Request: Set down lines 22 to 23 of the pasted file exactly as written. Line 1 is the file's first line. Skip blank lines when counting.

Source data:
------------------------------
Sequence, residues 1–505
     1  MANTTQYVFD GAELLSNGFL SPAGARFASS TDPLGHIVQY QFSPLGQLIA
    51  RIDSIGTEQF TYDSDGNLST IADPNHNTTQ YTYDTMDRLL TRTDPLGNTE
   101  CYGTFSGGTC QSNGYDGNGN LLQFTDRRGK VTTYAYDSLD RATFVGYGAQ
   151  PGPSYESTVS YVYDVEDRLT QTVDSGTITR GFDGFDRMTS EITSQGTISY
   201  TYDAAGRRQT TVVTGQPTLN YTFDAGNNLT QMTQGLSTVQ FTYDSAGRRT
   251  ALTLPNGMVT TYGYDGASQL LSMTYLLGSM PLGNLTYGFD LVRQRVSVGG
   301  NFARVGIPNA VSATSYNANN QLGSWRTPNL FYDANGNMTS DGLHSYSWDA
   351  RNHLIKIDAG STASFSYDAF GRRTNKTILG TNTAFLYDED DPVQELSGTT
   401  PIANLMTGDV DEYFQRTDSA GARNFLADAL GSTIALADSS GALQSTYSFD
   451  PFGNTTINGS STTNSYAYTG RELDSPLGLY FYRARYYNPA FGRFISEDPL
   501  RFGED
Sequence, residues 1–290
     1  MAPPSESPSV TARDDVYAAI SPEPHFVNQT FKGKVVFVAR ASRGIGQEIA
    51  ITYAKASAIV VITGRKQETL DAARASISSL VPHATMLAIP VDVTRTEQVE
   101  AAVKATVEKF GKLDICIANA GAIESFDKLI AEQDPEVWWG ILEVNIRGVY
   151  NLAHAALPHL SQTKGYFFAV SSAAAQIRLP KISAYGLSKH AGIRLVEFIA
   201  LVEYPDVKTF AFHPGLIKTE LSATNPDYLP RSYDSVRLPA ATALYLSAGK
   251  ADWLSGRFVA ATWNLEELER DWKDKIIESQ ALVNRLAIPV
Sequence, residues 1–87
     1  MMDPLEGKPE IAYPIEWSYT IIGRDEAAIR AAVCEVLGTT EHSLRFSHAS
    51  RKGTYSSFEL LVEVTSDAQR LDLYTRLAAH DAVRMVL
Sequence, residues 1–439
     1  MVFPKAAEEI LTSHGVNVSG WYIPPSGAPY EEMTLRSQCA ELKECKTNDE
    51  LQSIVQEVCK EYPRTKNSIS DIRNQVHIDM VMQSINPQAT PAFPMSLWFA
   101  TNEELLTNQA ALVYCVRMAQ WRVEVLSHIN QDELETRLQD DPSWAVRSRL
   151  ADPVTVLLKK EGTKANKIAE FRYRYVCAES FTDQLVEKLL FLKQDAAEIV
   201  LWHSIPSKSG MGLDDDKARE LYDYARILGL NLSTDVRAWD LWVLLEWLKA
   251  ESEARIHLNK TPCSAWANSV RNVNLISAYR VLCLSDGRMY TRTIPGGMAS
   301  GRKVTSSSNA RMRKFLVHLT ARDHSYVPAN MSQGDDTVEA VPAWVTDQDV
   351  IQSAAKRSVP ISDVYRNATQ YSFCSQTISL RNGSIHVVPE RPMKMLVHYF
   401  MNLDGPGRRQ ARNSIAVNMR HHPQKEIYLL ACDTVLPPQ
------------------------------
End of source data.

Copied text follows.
    51  RKGTYSSFEL LVEVTSDAQR LDLYTRLAAH DAVRMVL
Sequence, residues 1–439